Running new returns
I'm still pretty new to the site but really appreciate all the good info here. I'm not a technician or installer but work for a company doing design and sales. I do Manual J load calcs on every job and try to approach each job with the installers in mind -- always add some extra funding for them if they have to go in attics and crawls because of the difficult access -- but there's a lot still to learn.
Most of my customers live in Philadelphia row homes, and I frequently encounter old gravity furnaces without proper returns to the top floors. Trying to find ways to get returns up there is a challenge, so I was wondering if anyone might have advice or thoughts on what you do when you encounter situations like this?
Usually I try to find stacked closets to hide the return but that's not always available. When I suggest running the ductwork up a wall, and then putting drywall around it, they object to how it will look.
I've been suggesting mini-splits with some success, but there's still resistence with those, too. I guess customers are waiting for invisible ductwork...they all want a/c but they don't want to do what has to be done to make it work.
First I'd like to applaud you for doing your job right, and doing your best to ensure the proper sizing and ensuring the designed efficiency of the product you are selling. And also, to be thinking of the installers. I am a service technician, but a time ago I was an installer working for a company with a couple salesmen who knew nothing about proper sizing/design, and only cared about selling that "box" - and could care less about the repercussions nor the installers - because to them, doing it "right" may cost them a sale, or were just too lazy and didn't care to learn. Unfortunately there's still a large handful of these.... You know what's... In the industry.
Anyways, as it sounds like you are doing what you can as it is, the best advice I can give is to keep doing what you're doing and keep looking for more and more creative ways to run that additional return in a reasonable manner for the client and the installer, all the while up to code. Keep looking for that unused closet/cupboard space... Sometimes sacrificing some space of a large laundry shoot if the client is willing... As you know every situation can be a bit different, and each client can have their "special needs" when it comes to space or what they consider an "eyesore". So there's no real answer to your question, and its all going to come with experience. Codes can sometimes make this a little more challenging, but at the end of the day, there's always SOME way to make it happen. Hope that may help...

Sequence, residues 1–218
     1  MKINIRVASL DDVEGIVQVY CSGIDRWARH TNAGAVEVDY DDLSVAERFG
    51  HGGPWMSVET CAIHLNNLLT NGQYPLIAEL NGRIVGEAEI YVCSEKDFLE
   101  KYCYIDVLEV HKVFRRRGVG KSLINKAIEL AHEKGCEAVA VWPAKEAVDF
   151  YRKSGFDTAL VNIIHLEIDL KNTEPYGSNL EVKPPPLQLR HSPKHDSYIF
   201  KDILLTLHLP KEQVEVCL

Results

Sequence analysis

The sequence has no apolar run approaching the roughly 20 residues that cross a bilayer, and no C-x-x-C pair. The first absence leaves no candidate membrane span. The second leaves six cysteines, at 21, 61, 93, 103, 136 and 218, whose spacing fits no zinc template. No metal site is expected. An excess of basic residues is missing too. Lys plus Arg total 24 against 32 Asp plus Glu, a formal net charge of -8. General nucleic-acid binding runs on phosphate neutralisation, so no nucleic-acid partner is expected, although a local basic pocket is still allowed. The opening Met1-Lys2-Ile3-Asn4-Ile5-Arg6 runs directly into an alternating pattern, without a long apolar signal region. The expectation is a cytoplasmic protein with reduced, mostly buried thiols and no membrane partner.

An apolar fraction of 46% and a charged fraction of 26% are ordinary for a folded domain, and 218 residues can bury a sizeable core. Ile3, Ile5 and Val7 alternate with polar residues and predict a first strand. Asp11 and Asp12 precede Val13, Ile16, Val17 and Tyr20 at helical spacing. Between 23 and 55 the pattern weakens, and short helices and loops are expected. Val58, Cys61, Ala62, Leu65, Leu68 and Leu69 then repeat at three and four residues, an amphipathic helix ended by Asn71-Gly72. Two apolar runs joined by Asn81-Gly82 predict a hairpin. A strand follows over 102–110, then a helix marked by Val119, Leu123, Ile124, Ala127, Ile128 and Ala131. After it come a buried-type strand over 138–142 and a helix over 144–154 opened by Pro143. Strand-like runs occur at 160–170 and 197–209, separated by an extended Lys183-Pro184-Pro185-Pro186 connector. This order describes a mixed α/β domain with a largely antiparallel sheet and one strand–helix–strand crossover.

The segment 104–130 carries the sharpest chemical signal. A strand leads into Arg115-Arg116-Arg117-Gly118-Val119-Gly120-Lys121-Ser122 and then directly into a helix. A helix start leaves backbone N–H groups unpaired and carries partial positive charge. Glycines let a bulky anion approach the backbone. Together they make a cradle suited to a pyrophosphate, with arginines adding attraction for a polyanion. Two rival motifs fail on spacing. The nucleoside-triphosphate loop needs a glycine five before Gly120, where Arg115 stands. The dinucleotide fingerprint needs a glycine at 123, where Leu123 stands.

you can make a return box in the common hall with return ducts connecting to it. Use the common hall as a plenum return.
Originally Posted by hscudd
You can cut vents in doors or over doors if there is room. again using the hall as a common return.
you can cut returns in floors down to other rooms. Noise from other room may be an issue.
But as long as you have a common return in the main common area of the house, running a return to each room sometimes drive your cost up and isn't really needed. IMO
Install 2 systems. Upstairs can be straight A/C in some homes. Heat strips can be added if heating load is low. In most homes around here upstairs heat rarely comes on, the downstairs unit does most of the work.
Thank you guys for your advice. I think seperate systems is a good option, though in most of the Philly row homes don't have an attic so there's limited space for another air handler and ductwork.
Really I was curious if, from the technicians' and installers' point of view, there was a "preferred" method or a way that would be used most of the time. Sometimes I end up with some pretty convoluted ideas that just don't seem to make good sense, and I end trying to get my customers to go with a simpler design, although it means sacrificing closet space or changing the appearance of some walls.